Escobar-Ortega-FSLN collaboration is related in detail in a
2005 book by Astrid Legarda Martinez: El Verdadero Pablo:
Sangre, Traicion y Muerte (Colombia, Ediciones Dipon).

34. (SBU) Sources: Everyone in Nicaragua knows that Ortega
and the FSLN control the judiciary, with at least 75 percent
of all judges being self-described Sandinista militants. The
specific cases described above have all been widely reported
by media all across the political spectrum. Although his name
does not often appear in the media, everyone in Nicaragua's
political circles knows that Lenin Cerna remains Daniel
Ortega's chief political "fixer." The Pablo Escobar footage
was filmed June 24, 1984. The media have widely reported on
the FSLN's use of the judiciary for campaign finance purposes
and credible confidential sources have confirmed the practice

on numerous occasions.

FSLN Condones and Supports Domestic and Sexual Violence
- - - - - - - - - - - - - - - - - - - - - - - - - - - -

35. (U) In 1998 Zoilamerica Narvaez, the daughter of Rosario
Murillo and the step-daughter of Daniel Ortega, made
allegations that Ortega had raped and sexually abused her
over a period of many years. However, Ortega used his
immunity as a National Assembly deputy and his control of the
courts to ensure that the case never went to trial. Having
ensured he would never face trial, Ortega then actively
sabotaged all efforts by the Nicaraguan government to provide
justice to Narvaez and used his mother and Rosario Murillo in
a public relations campaign intended to bury the allegations.

36. (U) In September 2004, boxer Ricardo Mayorga allegedly
raped a young woman in a Managua hotel. Sensing an
opportunity to blackmail Mayorga, Ortega and the FSLN agreed
to protect the boxer in the courts if he would give the party
a large portion of his international boxing winnings and
"advertise" for Daniel in public. Mayorga agreed, and an
FSLN judge found him not guilty in December. Much of
Mayorga's winnings now reportedly go to Ortega, and when
Mayorga fought in Chicago in August 2005, he dedicated the
fight to Daniel, wore the FSLN colors, and flashed the number
of the FSLN slot on the electoral ballot ("casilla") to the
international media.

37. (U) Such misogynistic attitudes are common in the FSLN,
as is the tolerance of domestic and sexual violence. When
FSLN National Assembly deputies voted to lower the criminal
penalties for statutory rape in March 2006, FSLN deputy
Nathan Sevilla justified the vote by stating that sex with
minors was "normal" in rural Nicaragua and thus should not be
considered a serious crime.

38. (SBU) Sources: personal testimony of Zoilamerica, legal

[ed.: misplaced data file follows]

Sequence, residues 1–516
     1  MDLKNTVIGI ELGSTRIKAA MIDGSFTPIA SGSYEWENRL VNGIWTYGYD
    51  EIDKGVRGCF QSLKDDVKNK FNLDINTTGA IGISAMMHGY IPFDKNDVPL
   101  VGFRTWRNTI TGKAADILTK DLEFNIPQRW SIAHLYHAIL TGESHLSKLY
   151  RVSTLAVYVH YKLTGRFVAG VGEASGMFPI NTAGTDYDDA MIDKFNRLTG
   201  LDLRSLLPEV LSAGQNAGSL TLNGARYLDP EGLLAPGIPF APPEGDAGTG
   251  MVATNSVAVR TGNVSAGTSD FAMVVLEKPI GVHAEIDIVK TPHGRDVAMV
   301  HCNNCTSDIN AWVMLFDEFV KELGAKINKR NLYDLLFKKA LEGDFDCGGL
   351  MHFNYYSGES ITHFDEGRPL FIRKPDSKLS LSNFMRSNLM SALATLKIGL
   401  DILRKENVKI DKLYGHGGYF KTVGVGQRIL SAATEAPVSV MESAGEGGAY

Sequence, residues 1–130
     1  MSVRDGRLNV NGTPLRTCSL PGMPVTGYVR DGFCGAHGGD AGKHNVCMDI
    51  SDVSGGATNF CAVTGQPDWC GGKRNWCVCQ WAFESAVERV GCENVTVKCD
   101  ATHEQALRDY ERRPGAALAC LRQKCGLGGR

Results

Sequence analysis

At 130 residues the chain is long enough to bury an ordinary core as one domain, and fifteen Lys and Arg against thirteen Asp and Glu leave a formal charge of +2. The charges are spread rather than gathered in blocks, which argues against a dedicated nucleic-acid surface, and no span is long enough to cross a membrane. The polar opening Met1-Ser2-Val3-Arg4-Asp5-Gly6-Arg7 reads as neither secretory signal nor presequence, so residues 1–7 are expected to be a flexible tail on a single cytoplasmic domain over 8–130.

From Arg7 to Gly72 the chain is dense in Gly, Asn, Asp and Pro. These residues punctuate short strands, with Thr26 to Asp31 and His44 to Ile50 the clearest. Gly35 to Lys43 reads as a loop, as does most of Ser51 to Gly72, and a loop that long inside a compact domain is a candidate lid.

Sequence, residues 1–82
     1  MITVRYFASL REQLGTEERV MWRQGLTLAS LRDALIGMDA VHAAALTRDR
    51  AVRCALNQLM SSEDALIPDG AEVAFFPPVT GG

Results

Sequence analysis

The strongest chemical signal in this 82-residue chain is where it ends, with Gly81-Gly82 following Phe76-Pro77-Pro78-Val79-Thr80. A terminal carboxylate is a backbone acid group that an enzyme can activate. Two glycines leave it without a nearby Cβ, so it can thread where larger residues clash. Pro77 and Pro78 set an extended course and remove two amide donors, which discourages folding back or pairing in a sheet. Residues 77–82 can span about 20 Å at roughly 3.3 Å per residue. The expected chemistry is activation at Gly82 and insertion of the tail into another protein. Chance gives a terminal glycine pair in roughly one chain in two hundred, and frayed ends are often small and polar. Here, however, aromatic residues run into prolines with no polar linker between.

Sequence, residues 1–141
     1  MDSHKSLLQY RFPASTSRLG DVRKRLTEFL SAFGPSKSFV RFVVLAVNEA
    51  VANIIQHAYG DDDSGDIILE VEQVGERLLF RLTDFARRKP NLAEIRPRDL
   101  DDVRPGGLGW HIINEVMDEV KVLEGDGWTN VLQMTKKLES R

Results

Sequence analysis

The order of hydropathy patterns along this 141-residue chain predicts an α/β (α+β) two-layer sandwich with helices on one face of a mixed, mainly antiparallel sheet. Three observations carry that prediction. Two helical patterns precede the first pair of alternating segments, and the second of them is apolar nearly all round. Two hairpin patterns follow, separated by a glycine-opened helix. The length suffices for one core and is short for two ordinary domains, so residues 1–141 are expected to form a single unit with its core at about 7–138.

documents filed by Zoilamerica in Nicaraguan institutions
(including the courts, the police and the office of the Human
Rights Ombudsman) and the IACHR, media records of Ortega's
"public relations" campaign using Rosario Murillo and his own
mother. Sources for the Mayorga case include media accounts
of Mayorga's arrest, trial, his public "pro-Daniel" comments
and his August 2005 fight, private testimony offered by
lawyers involved in the case, and the testimony of the rape
victim. Sevilla's comments were widely reported in the media.

FSLN Continues to Use Land and Property "Pinatas" for
Campaign Finance
- - - - - - - - - - - - - - - - - - - - - - - - - - -

39. (U) As has been widely reported in the Nicaraguan media,
in addition to using its control of the judiciary to campaign
finance from drug traffickers, the FSLN is still involved in
numerous land and property "pi$atas" that bring huge amounts
of money into party coffers. Although the FSLN uses a
variety of scams to rob both domestic and foreign property
owners and investors, the most common technique seems to be
to have FSLN lawyers bring spurious charges of violations of
oral labor "contracts" against property owners and companies.
FSLN judges then rule in favor of the lawyer making the
complaint, and issue huge judgments for damages against the
property owner, or simply seize the property in question and
hand it to the Sandinista lawyer for use or sale. The
resulting profits go straight to FSLN coffers. In other
cases seized properties have been spuriously "auctioned" to
the FSLN at no cost.

40. (U) Among those attacked by the FSLN money-making
machine in this manner have been international investors from
Spain and the United States, as well as government entities
such as the Nicaraguan Basic Foodstuffs Company (Enabas). In
some cases, such as that of the Spanish investors, the
properties in question have been worth over one and a half
million dollars. In another case involving Sandinista judges
in Catarina, the FSLN acquired buildings and property worth
700,000 dollars in the same manner.

41. (SBU) Sources: These cases have been widely reported in
all of the Nicaraguan media since they became public
knowledge in February 2006. The victims in the various cases
have all publicly testified regarding the FSLN legal
shenanigans to defraud them.